Boat Show Girl is making a comeback!! 

Aloha Everyone!

I’m back! I’m back! (Sort of – but mostly – I’m back!) 

Everything has changed since my last post. I am so pleased to say—after about 2 months from middle of April to the middle of June—I am back in the industry working with a different company. It’s a smaller company, I get to do a variety of things, and they love boat shows. So I’m ecstatic about that last part. I’m only part time there, which allows me to do a plethora of different things. I’m way less stressed and a lot more happy than I’ve been in a while.

I have also decided that it is going to be a permanent part of my BoatShowGirl schedule to take a break around April/May to July/August. There might be a few times where I’ll give updates, but that’s about it, especially since all the main shows are in the spring and fall.

The reason for my break is that the other half of my life belongs to my love of performing arts (writing, theatre, music, art) and I am heavily into theatre right now. We just finished our summer show that happens every year and it took 99% of my free time, but it’s the funnest and it’s my favorite. Plus, it’s the only show out of our full season of plays that I get to work with at least 40 different people.

There’s also a positive spin in all of this. I have a business partner from another job I’m doing, and he loves the water as well, so I sort of have a boat show partner (finally). I think it’s his plan to keep me walking the straight line where I can hit my true potential with this brand.

The guys at World of Boating really wants me to do something with a uniform, and I do plan on doing that…finally….this year.

I’ve been catching up with Trade Only Today and Boating Industry after taking this break, and wow, the news I have been reading!!!

Yamaha buys Bennett Marine

Volvo buys Seven Marine

Malibu buys Cobalt

I mean. I really don’t know what to say. In one point, it’s worrying me that these buys are happening, and in another it’s like are they in trouble and these companies with more money are rescuing them? Essentially, we just lost 3 individual companies in this industry because each one is merging with another.

How’s this going to effect the market now? How will the brand be able to continue being the brand? Will everything be restructured? Will these brands that’s being acquired just disappear?

There’s so many questions! What do you guys think about this news?

Reinventing your 2017 Marketing Plan

(First posted on MarineMarketingTools.com)

It’s almost the end of December, the holidays will be here and gone before we know it, and what we’ll be left with is a brand new year which means a brand new start. Out with the old, and in with the new.

A new president will be taking the helm in 2017—and, just like every election year—it brings an unsurety of how things are going to go overall in our country. The biggest question for the marine industry is what kind of an impact will President-elect Trump make both locally and globally?

It is now what you can consider the quiet time in our industry, and that’s when we should rethink our marketing strategies. Find out what worked, what didn’t, and really improve on that—keeping in mind the concerns addressed throughout the year. Throughout this year, BoatingIndustry.com and TradeOnlyToday.com had a lot of great articles of what we should be focusing on for the future of our industry.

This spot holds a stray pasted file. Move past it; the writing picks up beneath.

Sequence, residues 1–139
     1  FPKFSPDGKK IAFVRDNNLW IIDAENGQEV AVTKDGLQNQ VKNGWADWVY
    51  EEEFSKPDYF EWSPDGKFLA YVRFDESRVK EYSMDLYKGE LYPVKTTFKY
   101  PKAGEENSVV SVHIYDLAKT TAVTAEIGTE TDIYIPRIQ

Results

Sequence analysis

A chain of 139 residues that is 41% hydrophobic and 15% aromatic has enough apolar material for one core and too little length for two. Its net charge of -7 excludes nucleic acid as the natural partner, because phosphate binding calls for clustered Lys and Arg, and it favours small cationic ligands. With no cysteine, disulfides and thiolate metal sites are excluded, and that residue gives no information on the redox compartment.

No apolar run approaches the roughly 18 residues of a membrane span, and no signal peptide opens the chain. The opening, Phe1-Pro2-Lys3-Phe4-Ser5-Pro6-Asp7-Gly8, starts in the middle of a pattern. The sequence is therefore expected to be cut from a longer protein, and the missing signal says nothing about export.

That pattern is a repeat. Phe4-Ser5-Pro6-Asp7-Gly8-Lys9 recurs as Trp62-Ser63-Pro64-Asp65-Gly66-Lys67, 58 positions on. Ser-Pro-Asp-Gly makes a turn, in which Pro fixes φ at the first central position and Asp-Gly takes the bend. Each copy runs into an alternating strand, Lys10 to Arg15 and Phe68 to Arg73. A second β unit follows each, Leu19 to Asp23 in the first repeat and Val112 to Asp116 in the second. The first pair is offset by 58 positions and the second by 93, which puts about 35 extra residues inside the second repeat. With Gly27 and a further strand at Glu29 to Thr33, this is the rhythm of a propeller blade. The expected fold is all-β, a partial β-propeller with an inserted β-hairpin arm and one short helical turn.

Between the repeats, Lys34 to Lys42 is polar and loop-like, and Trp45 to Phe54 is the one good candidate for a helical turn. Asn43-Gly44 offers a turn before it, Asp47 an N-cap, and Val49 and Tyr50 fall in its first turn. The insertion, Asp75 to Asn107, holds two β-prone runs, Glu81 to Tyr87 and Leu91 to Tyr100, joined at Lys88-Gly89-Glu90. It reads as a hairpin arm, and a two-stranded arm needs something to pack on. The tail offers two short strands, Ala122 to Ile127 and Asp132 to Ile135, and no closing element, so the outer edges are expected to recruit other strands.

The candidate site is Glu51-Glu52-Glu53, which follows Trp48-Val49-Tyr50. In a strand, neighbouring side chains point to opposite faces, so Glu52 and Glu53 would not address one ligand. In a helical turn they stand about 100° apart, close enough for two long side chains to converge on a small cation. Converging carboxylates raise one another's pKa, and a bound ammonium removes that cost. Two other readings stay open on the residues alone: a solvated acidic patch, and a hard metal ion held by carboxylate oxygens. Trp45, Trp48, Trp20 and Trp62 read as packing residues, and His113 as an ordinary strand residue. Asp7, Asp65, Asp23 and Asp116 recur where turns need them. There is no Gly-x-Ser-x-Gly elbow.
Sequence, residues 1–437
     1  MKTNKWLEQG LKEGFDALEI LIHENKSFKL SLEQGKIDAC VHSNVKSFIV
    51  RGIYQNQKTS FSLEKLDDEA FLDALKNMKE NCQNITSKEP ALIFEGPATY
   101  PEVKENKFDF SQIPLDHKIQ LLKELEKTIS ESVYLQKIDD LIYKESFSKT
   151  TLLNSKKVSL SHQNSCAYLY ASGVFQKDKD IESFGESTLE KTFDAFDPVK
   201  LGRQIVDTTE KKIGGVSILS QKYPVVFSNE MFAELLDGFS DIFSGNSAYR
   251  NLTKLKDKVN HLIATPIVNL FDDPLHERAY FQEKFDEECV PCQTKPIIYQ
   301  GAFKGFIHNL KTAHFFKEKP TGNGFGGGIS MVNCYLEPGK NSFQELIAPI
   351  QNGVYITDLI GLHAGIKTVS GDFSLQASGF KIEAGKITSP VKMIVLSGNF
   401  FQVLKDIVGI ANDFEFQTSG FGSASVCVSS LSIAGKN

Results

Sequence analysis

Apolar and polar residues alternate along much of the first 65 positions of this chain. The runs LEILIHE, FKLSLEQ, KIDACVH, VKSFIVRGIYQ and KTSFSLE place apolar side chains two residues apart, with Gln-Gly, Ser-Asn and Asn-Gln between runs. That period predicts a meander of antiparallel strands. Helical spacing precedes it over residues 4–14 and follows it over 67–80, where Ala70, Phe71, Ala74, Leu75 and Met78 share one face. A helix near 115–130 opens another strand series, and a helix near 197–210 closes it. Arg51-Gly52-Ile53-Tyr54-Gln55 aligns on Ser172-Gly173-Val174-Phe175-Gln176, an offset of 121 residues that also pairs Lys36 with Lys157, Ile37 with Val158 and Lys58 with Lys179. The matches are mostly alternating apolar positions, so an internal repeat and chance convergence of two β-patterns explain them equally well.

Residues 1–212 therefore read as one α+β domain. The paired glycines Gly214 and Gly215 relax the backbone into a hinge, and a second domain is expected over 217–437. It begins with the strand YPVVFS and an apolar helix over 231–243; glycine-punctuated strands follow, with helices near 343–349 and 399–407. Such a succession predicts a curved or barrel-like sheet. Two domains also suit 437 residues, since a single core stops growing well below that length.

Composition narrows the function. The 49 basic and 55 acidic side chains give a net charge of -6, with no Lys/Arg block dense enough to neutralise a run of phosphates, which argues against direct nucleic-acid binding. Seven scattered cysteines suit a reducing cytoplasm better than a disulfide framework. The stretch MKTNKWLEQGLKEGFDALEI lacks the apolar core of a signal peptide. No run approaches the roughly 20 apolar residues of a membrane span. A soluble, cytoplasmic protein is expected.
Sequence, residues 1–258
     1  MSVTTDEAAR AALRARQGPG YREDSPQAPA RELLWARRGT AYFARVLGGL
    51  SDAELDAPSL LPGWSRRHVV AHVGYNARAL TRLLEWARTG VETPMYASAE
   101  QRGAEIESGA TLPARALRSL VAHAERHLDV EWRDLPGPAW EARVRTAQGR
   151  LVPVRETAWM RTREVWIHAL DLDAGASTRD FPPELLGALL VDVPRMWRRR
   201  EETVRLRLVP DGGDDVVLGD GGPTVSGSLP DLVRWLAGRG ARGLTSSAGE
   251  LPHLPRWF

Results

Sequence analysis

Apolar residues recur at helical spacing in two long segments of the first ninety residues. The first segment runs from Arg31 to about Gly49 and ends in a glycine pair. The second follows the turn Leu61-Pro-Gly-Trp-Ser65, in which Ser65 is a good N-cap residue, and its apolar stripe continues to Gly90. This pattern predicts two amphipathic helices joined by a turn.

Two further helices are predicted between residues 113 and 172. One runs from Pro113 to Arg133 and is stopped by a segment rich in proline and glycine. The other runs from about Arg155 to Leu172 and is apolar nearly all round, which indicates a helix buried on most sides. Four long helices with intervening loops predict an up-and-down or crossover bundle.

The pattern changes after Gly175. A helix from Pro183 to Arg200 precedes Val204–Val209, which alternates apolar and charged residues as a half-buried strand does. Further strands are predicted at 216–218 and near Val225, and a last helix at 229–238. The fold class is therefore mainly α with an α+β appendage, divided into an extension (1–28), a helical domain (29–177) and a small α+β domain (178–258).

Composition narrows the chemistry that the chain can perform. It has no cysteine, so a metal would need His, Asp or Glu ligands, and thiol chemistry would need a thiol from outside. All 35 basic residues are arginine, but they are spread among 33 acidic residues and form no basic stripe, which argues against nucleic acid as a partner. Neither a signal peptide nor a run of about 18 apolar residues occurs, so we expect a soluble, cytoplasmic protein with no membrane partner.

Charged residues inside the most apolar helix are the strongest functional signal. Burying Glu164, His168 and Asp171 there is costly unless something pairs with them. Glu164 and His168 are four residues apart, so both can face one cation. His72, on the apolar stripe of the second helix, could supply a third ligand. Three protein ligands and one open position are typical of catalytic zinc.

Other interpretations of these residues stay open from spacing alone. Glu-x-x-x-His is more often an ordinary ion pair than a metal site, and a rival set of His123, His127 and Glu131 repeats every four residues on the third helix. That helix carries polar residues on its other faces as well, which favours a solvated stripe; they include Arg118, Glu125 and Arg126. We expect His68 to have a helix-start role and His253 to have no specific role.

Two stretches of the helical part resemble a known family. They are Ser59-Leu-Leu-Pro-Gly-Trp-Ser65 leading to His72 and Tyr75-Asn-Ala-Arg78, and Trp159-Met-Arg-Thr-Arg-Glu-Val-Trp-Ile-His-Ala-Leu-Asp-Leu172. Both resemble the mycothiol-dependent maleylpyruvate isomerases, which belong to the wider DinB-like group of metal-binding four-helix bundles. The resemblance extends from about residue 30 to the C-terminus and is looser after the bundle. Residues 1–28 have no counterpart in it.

Here are some ideas to help out with your 2017 marketing plan:

  • Take a look at Boating Industry’s Top 100 dealers. Study the top 10 companies and the best in class, see what they’re doing that makes them successful, and take notes.
  • Make sure your company has a mission statement–and revisit it every year. If you have one, are you doing everything that your mission statement says?
  • At boat shows: find a way to let your old and new customers have an experience. Don’t just sell to them. Find out their story of boating, become personable–then sell.
  • Salespeople: when you sell a boat, do not let that be the last time you talk to them. Contact them regularly to ask about how everything is going in their life, and then, find your way to asking if everything is okay with their new boat. If there are problems, find out immediately, and correct them.
  • During the year have a few events that would attract families, especially kids and teens because they are our future. Hook them from the beginning, so they’ll become interested in boating.
  • Reach out to boat rental companies and clubs to see if you can have an event together for marketing purposes, and introduce non-boaters/non-owners to this boating world.
  • Do a little research who your core customers are in your area and check out the demographics. Are your customers mostly baby boomers, gen Xers, or millennials? People who fish or just go out on the boat to have fun? That’ll help out a bit with making sure your dealership targets the right people. If you target to the wrong people, you will miss your mark.
  • Embrace new technology and ways of doing things.
  • And last, but not least, be innovative.

Part Two: Gaining buyers in this industry. [edited]

In the past year or two, there have been so many articles about who we should—as an industry
—be reaching out to as far as target buyers go. We’ve been targeting my group, the Millennials,
as if we are going to be a huge buyer in the next couple of years. Let’s face reality—we’re not
going to be.

Unfortunately—due to the excessive debts from college, other life happenstances such as
lower/same wages vs. rising cost of living, healthcare, and such—99% of Millennials don’t and
won’t have the extra income to spend on very much, let alone a boat.

So, who do we target?

Right now, the Baby Boomers are the ones buying because they have the extra funds and the
time to go boating to enjoy their investment. Generation X is right next to them, and I believe
they should be the target over Millennials for the next few years. Generation X, as a whole, is
probably the last generation that’ll be able to splurge on large recreational purchases for a
while, considering most of them should already have set up a plan for their future—through their
work or other means—that will allow them to spend, live comfortably, and save.

So, what happens next?

If we want to talk about Millennials, they are familiar with and use Uber & Lyft (taxi alternative),
AirBnB (hotel alternative), and other companies that offer a particular service for less. As a
Millennial, I believe [my] generation relies on the renter’s market. We are renting houses or
apartments, vehicles and other objects a lot more than we are buying. While attending boat
shows, I have seen more and more boat renting companies or clubs popping up, and I’ve
overheard some say that they’d rather rent a boat for the day instead of purchasing one due to
the expense of upkeep.

If you don’t want to rent, don’t just sell the boat—sell the entire experience.

If consumers really want a boat, they will find a way to be able to afford it. But, it’s not entirely up
to them… It’s up to businesses in this industry to help, especially when they don’t even know
where to start. A good example of this would be if a customer walks in with an idea of what they
are looking for, talk to several companies about financing options and what they will get with the
boat, then find out that they can’t purchase what they originally wanted. If they’re disappointed,